Daily Archives: August 15, 2010
A new believer named Ronni needed some relationship advice, so she did the only logical thing and turned to Pat Robertson.
Robertson is giving a biblical answer for a change. He’s referring to 2 Corinthians 6:14-18:
Do not be unequally yoked with unbelievers. For what partnership has righteousness with lawlessness? Or what fellowship has light with darkness? What accord has Christ with Belial? Or what portion does a believer share with an unbeliever? What agreement has the temple of God with idols? For we are the temple of the living God; as God said,
“I will make my dwelling among them and walk among them, and I will be their God, and they shall be my people. Therefore go out from their midst, and be separate from them, says the Lord, and touch no unclean thing; then I will welcome you, and I will be a father to you, and you shall be sons and daughters to me, says the Lord Almighty.”
It’s not a blanket prohibition on “hanging out” with unbelievers. How are we supposed to evangelize if we’re not permitted to hang out with unbelievers? The idea of a “yoke” is a rabbinical term referring to various interpretations of the Hebrew bible. A rabbi was said to teach and follow a specific “yoke.” It’s similar in terms to a Christian denomination of today, but not exactly. For example, a rabbi who came up with a new yoke (rather than teaching an existing one) had to have his new yoke blessed by the laying on of hands by two other rabbis.
What “unevenly yoked” means is that a person shouldn’t have a very different set of beliefs than their spouse.
My wife is an Arminian, and I’m a Calvinist. I’ve heard that that doesn’t work very well. But that hasn’t been my experience so far. Calvinists and Arminians agree on the basic premise that faith in Christ alone is what is necessary for salvation, and that is exactly what my wife and I plan on teaching our kids. The difference between Calvinism and Arminianism is in how the person arrives at saving faith–through God’s action alone (Calvinism) or by God’s response to a free will decision (Armininism).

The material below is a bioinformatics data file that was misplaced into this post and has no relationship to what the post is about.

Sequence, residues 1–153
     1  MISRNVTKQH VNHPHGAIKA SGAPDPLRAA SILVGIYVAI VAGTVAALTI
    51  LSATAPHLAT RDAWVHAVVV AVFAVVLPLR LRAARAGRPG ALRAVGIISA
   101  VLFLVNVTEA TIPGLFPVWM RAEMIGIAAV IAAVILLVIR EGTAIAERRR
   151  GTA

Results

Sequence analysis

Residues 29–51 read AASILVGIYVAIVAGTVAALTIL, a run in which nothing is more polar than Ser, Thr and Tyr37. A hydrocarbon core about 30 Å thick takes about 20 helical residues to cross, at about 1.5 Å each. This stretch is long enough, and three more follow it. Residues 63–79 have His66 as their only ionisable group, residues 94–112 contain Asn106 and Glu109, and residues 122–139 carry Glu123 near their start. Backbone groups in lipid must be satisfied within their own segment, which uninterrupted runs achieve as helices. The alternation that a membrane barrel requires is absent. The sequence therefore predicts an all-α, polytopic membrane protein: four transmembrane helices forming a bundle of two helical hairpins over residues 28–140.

The real problem for Ronni in the video is that her fiancee is an atheist. It probably isn’t impossible for such a marriage to work, but my concern would be for any future children that the couple would have. How does one decide what religion the children will be raised to believe?
Ronni’s fiancee, as an atheist, probably believes that the Bible is a collection of myths rather than historical facts. He also likely denies the Resurrection (perhaps even the historical person of Jesus). Ronni, as a Christian, is going to want to teach her children about the existence of God and Jesus, that the Bible is a reliable history book, and that Jesus died on the cross and rose again on the third day to defeat sin and death.
I don’t know many atheists who would want their children to be taught such “nonsense.” In that scenario, mom teaches one thing, then dad undermines it behind mom’s back. The kids are going to be confused.
An additional problem presents itself. The church, as a whole, fails in apologetic instruction. I doubt much that Ronni has any way to counter the arguments that her fiancee will expose the kids to: contradictions in the Bible, Jesus never existed, there is no evidence for God, evolution removes the need for God, and other atheist talking points. The kids, in this scenario, are far more likely to be atheists since the atheist is able to present and defend his reasons for being so, while the Christian is left with “You just have to have faith.”
Unless the fiancee is going to agree to not interfere with the religious upbringing of the children, and if he is going to agree to be supportive of Ronni’s Christian faith, then this might be fine. But I don’t know many atheists who are willing to do such a thing. At least, the impression I get from the commenters on this site.
So, what say you, atheists? Am I wrong? Could you be supportive of your spouse if your spouse was religious and wanted to bring the kids up in that religion?